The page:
You are now ready to try your definition :
Write a JSP page including it, restart the server, and point your browser on the page.
Create a new file and save it under index.jsp :
You can do inheritance with definitions. This means that a definition can extends another definition, inheriting all attributes defined in the parent. Of course, child can overload any of the attributes.
As an example, you will extend the mainLayout definition, changing the body and the title. As body, you will use one of the portal components.
Your definition declaration looks like following :
You declare a definition, specifying its name, and the name of the definition that it extends. For that, you use extends=”definitionName”.
To try your extended definition, you need to create a web page including the definition. Create a new file and save it under extendedDefinition.jsp :
Definitions can be used as forward targets in the struts-config.xml file.
As an example, you will write a page with two buttons : success and failure. A form, associated to a Struts action, surrounds these buttons. The Struts action forwards to a logical name, success or failure.
You first need to write the form page. In fact, you will write the body, declare a definition, and write a page including this definition.
Create a new file and save it under forward/forwardBody.jsp :
This file contains a form with two buttons. You can use Struts tag form instead.
Declare a new definition including this body :
Write a page including this definition.
Create a new file and save it under /strutsForward.jsp :
You can try the page, but you still need to write the Struts action before submitting !
Struts action is a java class. Following is an abstract of the code of this class :
You can find complete code in documentation. For now, you have nothing particular to do, because compile class is included in components.jar.
You need to setup the Struts configuration file, in order to register the new action.
Add something like following in the action.xml or struts-config.xml :
If you use the struts-config.xml file, you need to put the global forward between <global-forwards> and </global-forwards>.
You can note that the forwards’ paths specified definitions, rather than URLs.
Now you need to declare these two definitions.
Declare the success and failure definitions :
Write the corresponding bodies.
Create a new file and save it under /forward/successBody.jsp :
Create a new file and save it under /forward/failureBody.jsp :
Note that you don’t need to write pages including the success or failure definitions. Inclusion is done directly by the value returned by Struts action.
You can now try the new page. Restart the web server to reload definitions.
Point your browser on /strutsForward.jsp, and click on one button.
It’s now time to write more complex components. You have already used such components : classicLayout, submenu, viewSrc, …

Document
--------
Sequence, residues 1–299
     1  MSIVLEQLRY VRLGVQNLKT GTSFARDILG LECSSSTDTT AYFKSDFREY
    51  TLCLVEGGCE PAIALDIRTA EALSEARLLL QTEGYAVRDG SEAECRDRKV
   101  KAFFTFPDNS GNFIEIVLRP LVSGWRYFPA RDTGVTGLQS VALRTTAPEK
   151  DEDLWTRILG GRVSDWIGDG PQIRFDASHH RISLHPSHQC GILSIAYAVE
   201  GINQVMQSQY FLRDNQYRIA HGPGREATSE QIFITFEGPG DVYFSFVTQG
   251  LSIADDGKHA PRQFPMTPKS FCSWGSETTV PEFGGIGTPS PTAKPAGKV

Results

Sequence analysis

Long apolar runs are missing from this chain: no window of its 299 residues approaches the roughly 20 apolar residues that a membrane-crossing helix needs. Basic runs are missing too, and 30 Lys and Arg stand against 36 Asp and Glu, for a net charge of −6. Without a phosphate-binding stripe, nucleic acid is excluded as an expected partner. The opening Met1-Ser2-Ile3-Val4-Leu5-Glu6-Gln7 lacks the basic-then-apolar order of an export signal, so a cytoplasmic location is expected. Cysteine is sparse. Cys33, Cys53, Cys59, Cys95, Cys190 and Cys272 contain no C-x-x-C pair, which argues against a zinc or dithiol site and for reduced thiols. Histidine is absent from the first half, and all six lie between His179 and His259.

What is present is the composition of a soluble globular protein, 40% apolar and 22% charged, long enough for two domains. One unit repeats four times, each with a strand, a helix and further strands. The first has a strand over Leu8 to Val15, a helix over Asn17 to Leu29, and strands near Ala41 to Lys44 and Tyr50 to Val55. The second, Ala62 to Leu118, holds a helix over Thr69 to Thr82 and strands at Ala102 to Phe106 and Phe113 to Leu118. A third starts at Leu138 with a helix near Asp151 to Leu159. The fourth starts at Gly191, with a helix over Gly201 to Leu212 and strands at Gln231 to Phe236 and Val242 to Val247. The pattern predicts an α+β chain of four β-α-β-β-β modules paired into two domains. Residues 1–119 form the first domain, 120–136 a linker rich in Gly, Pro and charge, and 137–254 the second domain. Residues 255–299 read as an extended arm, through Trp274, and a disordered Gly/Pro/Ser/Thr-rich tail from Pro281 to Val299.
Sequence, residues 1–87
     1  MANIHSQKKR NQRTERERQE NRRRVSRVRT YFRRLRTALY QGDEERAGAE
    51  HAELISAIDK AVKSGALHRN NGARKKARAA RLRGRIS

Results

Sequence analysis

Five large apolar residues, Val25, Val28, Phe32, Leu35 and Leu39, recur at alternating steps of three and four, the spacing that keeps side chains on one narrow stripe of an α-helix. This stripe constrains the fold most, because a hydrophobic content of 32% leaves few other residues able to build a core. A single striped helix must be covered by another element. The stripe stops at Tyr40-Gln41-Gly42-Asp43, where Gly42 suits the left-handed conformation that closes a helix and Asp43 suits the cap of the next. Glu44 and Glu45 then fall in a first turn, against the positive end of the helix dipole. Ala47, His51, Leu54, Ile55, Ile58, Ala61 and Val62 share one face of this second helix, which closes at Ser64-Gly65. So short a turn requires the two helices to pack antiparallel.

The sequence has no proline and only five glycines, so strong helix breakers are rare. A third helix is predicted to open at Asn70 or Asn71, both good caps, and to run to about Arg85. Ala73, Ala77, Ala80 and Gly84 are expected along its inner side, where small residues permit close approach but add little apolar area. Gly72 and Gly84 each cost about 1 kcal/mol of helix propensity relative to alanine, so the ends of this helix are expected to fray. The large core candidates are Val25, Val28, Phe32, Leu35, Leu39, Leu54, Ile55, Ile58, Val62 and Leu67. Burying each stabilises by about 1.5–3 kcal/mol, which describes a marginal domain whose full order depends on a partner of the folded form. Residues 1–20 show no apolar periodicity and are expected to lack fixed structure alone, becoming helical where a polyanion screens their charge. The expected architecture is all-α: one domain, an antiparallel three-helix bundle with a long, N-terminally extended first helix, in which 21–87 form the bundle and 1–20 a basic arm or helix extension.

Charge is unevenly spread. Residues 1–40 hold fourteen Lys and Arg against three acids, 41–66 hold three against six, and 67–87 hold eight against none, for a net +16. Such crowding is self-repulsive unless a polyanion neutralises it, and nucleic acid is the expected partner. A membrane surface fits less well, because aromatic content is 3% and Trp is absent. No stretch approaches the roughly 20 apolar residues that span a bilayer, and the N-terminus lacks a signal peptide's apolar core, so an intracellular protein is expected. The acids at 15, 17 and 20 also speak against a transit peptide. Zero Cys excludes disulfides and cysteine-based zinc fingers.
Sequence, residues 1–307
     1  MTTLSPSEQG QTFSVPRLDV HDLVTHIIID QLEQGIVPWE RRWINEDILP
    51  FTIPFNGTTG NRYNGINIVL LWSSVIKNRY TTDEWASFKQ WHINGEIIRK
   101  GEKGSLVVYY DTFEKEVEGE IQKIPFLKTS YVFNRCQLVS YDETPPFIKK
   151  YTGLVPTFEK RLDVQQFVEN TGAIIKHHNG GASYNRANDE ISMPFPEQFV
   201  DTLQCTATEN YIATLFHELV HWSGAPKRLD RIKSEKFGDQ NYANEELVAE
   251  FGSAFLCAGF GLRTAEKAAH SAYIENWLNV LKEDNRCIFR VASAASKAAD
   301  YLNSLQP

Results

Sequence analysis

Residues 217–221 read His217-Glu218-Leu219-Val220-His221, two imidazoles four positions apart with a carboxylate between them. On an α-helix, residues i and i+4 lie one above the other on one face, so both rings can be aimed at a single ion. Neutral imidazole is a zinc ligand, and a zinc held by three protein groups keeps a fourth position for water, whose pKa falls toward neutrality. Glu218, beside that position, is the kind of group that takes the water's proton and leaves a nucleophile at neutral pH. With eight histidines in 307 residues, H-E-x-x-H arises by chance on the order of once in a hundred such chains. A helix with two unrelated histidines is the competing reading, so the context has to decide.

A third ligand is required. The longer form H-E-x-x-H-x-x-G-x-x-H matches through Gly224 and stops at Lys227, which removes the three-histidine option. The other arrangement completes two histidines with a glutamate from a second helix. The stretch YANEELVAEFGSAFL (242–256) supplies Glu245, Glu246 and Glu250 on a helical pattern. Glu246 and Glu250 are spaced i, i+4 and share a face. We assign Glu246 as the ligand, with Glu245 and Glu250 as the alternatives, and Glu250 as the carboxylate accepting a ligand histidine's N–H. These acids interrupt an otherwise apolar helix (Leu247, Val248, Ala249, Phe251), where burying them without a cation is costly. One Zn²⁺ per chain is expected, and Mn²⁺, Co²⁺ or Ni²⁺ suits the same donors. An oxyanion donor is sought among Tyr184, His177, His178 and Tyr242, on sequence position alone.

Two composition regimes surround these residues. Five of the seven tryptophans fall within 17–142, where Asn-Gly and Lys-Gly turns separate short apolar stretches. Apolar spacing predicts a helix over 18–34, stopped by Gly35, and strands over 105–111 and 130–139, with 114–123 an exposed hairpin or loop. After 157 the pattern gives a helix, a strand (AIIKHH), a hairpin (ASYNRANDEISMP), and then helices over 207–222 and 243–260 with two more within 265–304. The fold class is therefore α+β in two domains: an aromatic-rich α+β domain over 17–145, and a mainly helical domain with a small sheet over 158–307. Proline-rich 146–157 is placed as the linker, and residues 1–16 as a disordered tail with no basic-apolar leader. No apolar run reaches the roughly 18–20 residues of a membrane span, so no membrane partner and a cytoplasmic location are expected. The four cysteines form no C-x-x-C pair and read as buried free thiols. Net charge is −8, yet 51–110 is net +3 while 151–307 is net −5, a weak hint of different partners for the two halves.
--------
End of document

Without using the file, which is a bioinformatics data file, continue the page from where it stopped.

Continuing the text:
Such components are intelligent components containing some logic. You can put logic inside a component, as long as it is UI logic. You must avoid some business logic inside a component.
Covered topics : dynamic component, passing list as parameters, using list in components, using conditional tags.
Submenu takes as parameters : a list of items, a list of links corresponding to items, a title and value of selected item. It shows the title, followed by items. When you click on an item, you follow corresponding link. If selected value correspond to one item, this item is disable (no link).
Create a new file and save it under common/submenu.jsp.
First, you will show the list of items. Create a table with two rows. In the first row, write the title parameter. Around the second row, place “iterate” tags, and write the iteration value in the row.
Code is as following :
You start by importing components attributes (items, links, title, selected) to the page context. This allows you to use such attributes.
Then, you show the title, and you iterate on each items. As you can iterate only on one list with the iteration tag, you need to iterate yourself on second list. It is why you declare an “Iterator i”.
One specification is to disable link on selected item.
You need to check if an item is equal to “selected” value, and write appropriate value.
Your code become :
The specification says that title and selected are optional. So, you need to check their presence. For that, you use Struts tags “present” and “notPresent”.
Check for title presence, and show it only if present.
Check for selected presence, and declare a dummy selected variable if not.
Your code must be changed to :
[to do 001115]
You can check code in /common/menuViewSrc.jsp. Nearly the same as submenu.
Covered topics : use of sub-component in a component.
In this chapter you will learn how to write components that can be reused more than one time in a page. As example, we develop an “address” component, included two times in an “invoice”.
Problems come when you have input fields in the address component : how to have two different names while using one component description ? As a solution, you will provide names prefixed with a component’s name. This later is passed as a parameter of the component.
Second difficulty is how to retrieve data to be shown in the address component ? Here, you will pass a Java object of class “Address”, and deal with it in the address component.
All Java classes are already written and compiled for you. You can check sources from the Component Library distribution, under directory src/s1/example/invoice.